The 50% reduction (COVID -19 concession) in the minimum payment required from account-based pensions has been extended to 30 June 2023. For example, a person aged 66 is required to withdraw from their superannuation fund as a pension only 2% (rather than 4%) of the balance of the account based portion as at 30 June 2022.
The downsizer contribution allows many senior Australians to make an additional contribution to their superannuation when they sell their main residence, with the contribution not counting towards their annual non-concessional contribution cap. Some of the eligibility criteria that must be satisfied is as follows:
- The maximum that can be contributed is $300,000 per person
- They need to have owned their home for at least 10 years
- They cannot have used the downsizer contribution before
- The contribution must be made within 90 days of the sale settlement
From 1 July 2022 the eligible age to make a downsizer contribution has been reduced from 65 to 60 years. Note that in the recent Federal election campaign the Labor Party announced that it would lower the age limit to 55 years (but this is not yet legislated). When making a downsizer contribution, you must advise your super fund by providing them with a ‘Downsizer into Super Form’.
From 1 July 2022 the amount that can be accessed from a first home buyers’ previous voluntary contributions has been increased from $30,000 to $50,000 per eligible individual. A couple acquiring a jointly owned home can use up to $100,000 from their combined superannuation to be used as a deposit.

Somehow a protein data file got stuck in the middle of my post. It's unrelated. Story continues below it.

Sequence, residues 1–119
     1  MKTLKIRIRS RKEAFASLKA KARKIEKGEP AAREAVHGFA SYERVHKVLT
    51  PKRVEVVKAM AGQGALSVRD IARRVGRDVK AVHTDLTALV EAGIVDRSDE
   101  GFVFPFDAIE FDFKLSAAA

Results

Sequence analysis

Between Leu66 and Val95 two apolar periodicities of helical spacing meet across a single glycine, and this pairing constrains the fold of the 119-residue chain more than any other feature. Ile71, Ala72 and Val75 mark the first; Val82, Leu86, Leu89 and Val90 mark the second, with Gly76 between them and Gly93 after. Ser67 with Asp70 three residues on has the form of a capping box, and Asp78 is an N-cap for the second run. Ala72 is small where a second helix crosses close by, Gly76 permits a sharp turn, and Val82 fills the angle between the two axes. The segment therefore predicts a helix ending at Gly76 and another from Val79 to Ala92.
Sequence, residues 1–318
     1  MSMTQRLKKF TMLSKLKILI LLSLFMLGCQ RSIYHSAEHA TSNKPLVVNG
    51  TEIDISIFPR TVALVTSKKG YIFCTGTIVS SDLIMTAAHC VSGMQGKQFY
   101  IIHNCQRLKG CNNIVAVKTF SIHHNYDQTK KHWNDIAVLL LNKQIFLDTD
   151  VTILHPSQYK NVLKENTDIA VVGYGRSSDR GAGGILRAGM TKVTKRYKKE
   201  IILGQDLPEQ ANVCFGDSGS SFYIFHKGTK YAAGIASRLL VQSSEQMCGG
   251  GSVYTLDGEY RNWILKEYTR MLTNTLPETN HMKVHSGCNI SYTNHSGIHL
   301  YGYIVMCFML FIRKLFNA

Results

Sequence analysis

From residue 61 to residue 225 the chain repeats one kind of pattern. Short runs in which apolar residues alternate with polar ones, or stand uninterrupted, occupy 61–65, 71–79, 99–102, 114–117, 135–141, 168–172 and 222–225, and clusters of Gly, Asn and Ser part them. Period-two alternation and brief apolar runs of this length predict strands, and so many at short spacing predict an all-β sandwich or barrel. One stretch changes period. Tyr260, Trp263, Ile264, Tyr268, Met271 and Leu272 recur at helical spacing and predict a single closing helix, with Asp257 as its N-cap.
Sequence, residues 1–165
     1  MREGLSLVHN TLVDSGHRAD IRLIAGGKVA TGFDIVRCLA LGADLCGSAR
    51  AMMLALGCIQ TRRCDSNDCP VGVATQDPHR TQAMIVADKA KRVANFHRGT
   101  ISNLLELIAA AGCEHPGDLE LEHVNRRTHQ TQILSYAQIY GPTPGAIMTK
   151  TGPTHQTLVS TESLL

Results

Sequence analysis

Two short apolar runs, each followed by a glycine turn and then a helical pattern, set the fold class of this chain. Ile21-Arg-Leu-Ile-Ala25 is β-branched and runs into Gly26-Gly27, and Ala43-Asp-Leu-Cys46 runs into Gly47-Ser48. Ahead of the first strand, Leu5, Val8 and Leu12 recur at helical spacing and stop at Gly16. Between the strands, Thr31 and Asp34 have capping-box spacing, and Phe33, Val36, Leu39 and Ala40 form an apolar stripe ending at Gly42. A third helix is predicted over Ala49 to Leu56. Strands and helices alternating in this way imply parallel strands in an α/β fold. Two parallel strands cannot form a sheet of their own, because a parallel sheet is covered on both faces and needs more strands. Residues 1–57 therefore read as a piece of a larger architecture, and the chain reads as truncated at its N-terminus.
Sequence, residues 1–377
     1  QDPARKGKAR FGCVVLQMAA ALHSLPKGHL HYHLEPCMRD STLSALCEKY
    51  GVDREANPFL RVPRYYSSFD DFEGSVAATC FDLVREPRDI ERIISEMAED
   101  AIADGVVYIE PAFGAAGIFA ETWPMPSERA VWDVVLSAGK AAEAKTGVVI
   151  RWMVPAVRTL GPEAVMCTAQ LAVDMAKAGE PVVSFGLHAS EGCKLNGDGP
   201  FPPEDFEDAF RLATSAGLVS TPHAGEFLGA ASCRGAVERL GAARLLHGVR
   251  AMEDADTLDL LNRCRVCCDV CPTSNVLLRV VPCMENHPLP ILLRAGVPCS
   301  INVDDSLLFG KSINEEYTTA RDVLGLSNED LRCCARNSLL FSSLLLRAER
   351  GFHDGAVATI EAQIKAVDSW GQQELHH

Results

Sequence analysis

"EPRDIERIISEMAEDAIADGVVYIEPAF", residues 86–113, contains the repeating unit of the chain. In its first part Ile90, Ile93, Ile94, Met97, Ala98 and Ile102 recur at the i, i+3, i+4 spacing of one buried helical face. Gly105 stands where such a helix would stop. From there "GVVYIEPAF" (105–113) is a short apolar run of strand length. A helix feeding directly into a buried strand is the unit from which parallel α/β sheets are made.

COVID-19 Early Release Withdrawals
If you have withdrawn some of your superannuation benefits under the COVID-19 early release withdrawal concession you can now recontribute (COVID-19 re-contribution) without affecting your non-concessional cap.
- can be made between 1 July 2021 and 30 June 2030 (subject to the specific rules of your super fund)
- cannot exceed the total amount of super accessed under the COVID-19 early release of super
- cannot be claimed as a personal superannuation deduction
You can re-contribute COVID-19 early release amounts using any amounts available to you, but you must advise your super fund by supplying a ’Notice of Re-contribution of COVID-19 Early Release Amounts’ form.
A reminder if you have had interrupted income or have been unable to maximise your superannuation contributions, you can take advantage of the recent rule changes that allow you to catch-up on missed contributions. To be eligible to make catch-up concessional contributions:
- your total superannuation balance must be less than $500,000 on 30 June of the previous financial year
- you can only carry forward unused concessional contribution cap amounts from 1 July 2018
- unused caps can only be carried forward for five years until they expire – so this strategy needs to be considered before 30 June 2023.
Walshs are committed to our clients’ needs, we welcome you to contact us for specialist medical, or private taxation and accounting advice on 07 3221 5677, email@example.com or you can book a meeting here.
By Michael Walsh – CEO, Walshs Practice